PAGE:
Syria

Children in rural Hama benefit from the self-learning programme

Format
News and Press Release
Source
Posted
Originally published
Origin
View original
© UNICEF/Syria/2021/Addulaziz Aldroubi

UNICEF has reached more than 1,350 children

Rasha Alsabbagh

After a lull in violence in northwest rural Hama, since last year people began returning to their homes, including As-suqaylabiyah city, to rebuild their lives following years of displacement. With the current economic downturn, families, who have lived through a decade of violence, struggle to get by while having to rethink and prioritize their children’s basic needs, including their education.

To help children continue their learning, in 2021, UNICEF has reached more than 1,350 children in rural Hama with its self-learning programme, specially designed to help out-of-school children or those who missed out on their education to catch up with their peers, eventually supporting them to reintegrate into regular school, with thanks to generous contributions from Japan, Germany, Finland, The US Fund for Educate A Child and Educate A Child (EAC). Children were also supported with transportation to ensure their safety and were provided with school bags as well as self-learning material.

"I enjoy the math class here." Huda, 9

Huda, 9, from Qale’et Almadiq, northwest rural Hama, during a self-learning class at a UNICEF-supported centre in As-suqaylabiyah, northwest rural Hama. A year ago, she returned home with her family after having been displaced for three years due to violence. “I enjoy the math class here,” says Huda, who wants to become a hairdresser when she grows up.

"I want to become an electrician, like my father, or an electrical engineer when I grow up.” Aysar, 13

Aysar, 13, from Altweineh, northwest rural Hama, gives information about cell theory during biology class, a part of UNICEF’s self-learning programme at a UNICEF-supported centre in As-suqaylabiyah, northwest rural Hama. Aysar has been benefitting from the self-learning programme since late June this year. With his family, Aysar fled the violence in Altweineh seven years ago. Last year, they returned to a severely damaged house, so they had to stay with his uncle until they are able to rebuild their home. “I want to become an electrician, like my father, or an electrical engineer when I grow up,” adds Aysar.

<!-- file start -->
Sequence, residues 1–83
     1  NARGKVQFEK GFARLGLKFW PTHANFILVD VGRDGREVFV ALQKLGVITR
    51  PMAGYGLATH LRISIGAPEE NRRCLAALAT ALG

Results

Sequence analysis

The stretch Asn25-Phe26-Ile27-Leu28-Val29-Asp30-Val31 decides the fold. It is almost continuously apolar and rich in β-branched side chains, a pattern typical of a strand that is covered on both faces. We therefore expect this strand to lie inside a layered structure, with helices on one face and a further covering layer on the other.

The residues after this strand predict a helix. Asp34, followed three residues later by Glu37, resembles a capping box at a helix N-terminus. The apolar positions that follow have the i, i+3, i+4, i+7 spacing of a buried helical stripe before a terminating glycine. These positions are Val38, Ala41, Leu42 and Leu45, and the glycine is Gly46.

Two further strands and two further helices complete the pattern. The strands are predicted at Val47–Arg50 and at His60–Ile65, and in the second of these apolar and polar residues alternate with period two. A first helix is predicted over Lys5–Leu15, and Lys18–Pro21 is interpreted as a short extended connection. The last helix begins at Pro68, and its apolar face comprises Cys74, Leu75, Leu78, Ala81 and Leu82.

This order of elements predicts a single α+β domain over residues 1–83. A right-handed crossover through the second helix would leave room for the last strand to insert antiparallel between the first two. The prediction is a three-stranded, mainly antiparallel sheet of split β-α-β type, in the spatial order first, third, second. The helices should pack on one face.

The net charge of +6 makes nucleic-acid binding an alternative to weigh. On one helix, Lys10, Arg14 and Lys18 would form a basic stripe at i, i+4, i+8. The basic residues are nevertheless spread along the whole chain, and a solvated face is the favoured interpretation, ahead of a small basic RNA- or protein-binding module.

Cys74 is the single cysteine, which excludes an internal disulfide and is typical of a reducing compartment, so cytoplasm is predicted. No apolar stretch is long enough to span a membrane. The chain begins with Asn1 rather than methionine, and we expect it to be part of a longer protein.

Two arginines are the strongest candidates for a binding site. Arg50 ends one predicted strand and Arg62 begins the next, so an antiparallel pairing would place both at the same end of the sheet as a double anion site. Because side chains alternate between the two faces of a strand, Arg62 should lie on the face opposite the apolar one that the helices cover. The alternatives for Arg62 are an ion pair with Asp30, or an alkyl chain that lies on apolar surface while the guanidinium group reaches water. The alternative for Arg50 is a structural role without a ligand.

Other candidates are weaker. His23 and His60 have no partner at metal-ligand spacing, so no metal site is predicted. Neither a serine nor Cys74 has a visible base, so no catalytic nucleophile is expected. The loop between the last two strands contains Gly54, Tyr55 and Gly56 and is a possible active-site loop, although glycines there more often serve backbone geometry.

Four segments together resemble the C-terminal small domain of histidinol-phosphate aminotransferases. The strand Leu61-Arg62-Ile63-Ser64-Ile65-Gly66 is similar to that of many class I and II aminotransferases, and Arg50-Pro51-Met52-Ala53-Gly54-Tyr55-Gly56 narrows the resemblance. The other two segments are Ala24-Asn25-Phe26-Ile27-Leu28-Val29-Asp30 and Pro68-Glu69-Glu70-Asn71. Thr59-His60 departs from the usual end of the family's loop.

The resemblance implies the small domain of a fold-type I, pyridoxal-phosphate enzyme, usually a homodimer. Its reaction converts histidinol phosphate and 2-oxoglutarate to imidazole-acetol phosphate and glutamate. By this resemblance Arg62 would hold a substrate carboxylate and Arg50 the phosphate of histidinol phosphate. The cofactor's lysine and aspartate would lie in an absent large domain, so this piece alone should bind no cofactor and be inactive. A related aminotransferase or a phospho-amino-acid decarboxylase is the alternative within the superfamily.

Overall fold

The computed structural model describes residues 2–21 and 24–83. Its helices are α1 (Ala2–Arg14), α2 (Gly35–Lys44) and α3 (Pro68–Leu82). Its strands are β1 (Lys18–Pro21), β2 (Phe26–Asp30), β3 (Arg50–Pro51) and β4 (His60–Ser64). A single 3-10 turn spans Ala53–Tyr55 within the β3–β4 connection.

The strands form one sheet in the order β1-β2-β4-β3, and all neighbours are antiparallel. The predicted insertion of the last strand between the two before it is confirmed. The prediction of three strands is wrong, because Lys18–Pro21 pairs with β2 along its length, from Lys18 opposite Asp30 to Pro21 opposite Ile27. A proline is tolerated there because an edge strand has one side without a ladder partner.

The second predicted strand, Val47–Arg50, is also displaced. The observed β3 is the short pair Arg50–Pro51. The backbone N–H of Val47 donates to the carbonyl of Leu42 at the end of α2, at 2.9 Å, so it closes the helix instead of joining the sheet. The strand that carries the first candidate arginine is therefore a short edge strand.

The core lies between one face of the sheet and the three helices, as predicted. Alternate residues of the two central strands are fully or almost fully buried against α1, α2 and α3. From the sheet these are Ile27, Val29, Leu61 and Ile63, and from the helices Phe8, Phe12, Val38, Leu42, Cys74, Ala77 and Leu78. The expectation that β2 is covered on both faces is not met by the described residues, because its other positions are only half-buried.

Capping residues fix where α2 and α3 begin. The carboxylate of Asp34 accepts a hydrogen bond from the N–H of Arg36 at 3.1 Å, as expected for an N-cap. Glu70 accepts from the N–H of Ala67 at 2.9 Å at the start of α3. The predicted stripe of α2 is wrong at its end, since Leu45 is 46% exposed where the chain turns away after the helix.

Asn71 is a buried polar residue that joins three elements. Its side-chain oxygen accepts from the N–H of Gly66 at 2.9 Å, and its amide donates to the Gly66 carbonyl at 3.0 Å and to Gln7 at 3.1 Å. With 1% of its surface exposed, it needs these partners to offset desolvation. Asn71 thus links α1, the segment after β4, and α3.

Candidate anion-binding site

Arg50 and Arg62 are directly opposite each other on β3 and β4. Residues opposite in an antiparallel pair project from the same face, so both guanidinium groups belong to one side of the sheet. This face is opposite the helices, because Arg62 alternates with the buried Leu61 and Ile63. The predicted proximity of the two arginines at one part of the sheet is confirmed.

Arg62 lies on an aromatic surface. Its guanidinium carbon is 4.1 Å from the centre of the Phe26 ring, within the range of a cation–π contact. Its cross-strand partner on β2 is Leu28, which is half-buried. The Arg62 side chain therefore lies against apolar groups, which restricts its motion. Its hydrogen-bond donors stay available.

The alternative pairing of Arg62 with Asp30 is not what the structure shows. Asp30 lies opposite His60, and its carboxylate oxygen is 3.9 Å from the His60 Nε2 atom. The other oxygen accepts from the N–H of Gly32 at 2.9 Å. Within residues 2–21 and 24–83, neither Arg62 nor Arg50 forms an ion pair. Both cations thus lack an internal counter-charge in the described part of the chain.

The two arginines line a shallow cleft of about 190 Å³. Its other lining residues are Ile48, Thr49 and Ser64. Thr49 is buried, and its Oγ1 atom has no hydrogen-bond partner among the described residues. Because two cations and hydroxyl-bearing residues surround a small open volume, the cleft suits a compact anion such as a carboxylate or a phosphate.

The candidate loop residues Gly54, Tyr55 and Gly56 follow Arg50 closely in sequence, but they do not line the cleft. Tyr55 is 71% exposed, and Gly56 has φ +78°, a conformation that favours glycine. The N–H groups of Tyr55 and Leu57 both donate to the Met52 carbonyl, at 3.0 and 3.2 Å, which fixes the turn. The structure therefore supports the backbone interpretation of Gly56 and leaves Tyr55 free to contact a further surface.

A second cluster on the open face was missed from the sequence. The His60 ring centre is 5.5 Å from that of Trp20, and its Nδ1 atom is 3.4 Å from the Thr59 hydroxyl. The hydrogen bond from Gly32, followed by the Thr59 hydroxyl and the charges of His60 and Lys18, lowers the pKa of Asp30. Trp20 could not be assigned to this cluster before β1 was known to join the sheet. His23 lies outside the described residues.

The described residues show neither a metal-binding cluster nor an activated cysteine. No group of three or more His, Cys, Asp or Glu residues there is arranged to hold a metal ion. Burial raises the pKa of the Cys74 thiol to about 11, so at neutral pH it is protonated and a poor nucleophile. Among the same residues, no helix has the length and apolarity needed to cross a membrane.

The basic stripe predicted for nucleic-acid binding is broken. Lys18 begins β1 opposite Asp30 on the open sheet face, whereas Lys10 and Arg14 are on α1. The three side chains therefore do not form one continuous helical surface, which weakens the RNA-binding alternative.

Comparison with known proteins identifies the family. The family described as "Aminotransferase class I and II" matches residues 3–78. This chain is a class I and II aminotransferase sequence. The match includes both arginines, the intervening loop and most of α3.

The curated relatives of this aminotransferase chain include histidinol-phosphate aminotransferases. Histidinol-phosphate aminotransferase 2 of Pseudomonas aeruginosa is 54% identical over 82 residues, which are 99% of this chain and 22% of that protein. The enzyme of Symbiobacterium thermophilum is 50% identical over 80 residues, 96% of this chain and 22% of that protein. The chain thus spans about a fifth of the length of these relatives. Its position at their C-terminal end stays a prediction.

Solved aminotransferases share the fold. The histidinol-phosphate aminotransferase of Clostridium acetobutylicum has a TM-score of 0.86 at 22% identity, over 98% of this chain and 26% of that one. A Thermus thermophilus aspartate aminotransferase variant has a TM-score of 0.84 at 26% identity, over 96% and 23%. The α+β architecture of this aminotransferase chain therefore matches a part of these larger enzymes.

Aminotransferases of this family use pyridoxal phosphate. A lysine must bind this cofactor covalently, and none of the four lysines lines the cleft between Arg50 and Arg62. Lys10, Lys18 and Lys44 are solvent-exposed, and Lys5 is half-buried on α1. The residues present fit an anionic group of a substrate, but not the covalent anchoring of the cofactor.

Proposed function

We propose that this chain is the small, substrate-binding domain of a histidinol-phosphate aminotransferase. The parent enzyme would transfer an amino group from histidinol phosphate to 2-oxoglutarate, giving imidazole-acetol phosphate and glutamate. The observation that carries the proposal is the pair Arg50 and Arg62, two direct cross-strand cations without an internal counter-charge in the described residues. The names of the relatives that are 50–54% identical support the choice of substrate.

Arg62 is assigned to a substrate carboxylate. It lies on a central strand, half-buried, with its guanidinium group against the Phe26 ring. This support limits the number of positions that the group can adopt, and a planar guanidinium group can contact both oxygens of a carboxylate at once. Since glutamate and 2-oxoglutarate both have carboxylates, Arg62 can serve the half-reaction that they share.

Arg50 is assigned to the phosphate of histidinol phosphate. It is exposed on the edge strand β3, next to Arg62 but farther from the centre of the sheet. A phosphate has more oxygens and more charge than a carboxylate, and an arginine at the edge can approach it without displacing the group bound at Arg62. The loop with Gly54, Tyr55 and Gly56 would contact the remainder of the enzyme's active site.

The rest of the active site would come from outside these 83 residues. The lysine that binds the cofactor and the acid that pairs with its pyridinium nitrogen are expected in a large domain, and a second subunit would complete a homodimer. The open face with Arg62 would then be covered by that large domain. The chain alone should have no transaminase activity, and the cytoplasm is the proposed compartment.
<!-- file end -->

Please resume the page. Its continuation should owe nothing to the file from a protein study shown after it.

“I feel proud coming here to the centre, almost every day, to learn.” Abdullah, 13

“I feel proud coming here to the centre, almost every day, to learn,” says Abdallah, 13, from Qale’et Almadiq, northwest rural Hama. In 2019, violence escalation forced Abdallah and his family to flee their home for safety, causing him to drop out of school for a year. This year, the family returned to find their home severely damaged. “The sight of the house was unimaginable,” he says. Now in Grade 7, Abdallah’s family supports him to continue his education to achieve his dream of becoming a lawyer in the future.

He has been benefitting from UNICEF’s self-learning programme since late June this year, helping him catch up on his missed education.

“When we left home, my studies suffered, I struggled especially with math." Mais, 14

“When we left home, my studies suffered, I struggled especially with math,” says Mais, 14, who has passed Grade 7 this year. In 2021, Mais and her family returned back home to Altweineh, northwest rural Hama, after having been displaced for four years. A month and a half ago, she started attending self-learning classes at a UNICEF-supported centre in As-suqaylabiyah, a 30-minute ride by bus from her home, to recap on some subjects.

“We revised Grade 7 curriculum. I’ve benefitted a lot from the classes,” adds Mais, who wants to become a pharmacist in the future.

“I missed them a lot during that time, but we would call to check on them whenever we could.” Mariam, 13

“My favourite subjects are chemistry and physics. I’ve been coming to the centre to attend classes for two months now. Before that we had teams coming from the centre to our town to help assess our education level and inform us about the proramme,” says Mariam, 13, from Qale’et Almadiq, northwest rural Hama. In 2018, violence escalations forced Mariam and her sister to flee their home toward Hama city for safety, staying with their uncle as their parents remained behind. “I missed them a lot during that time, but we would call to check on them whenever we could,” she says. This year the two sisters finally returned back home.

Now in Grade 8, Mariam wants to continue her education to become a lawyer in the future.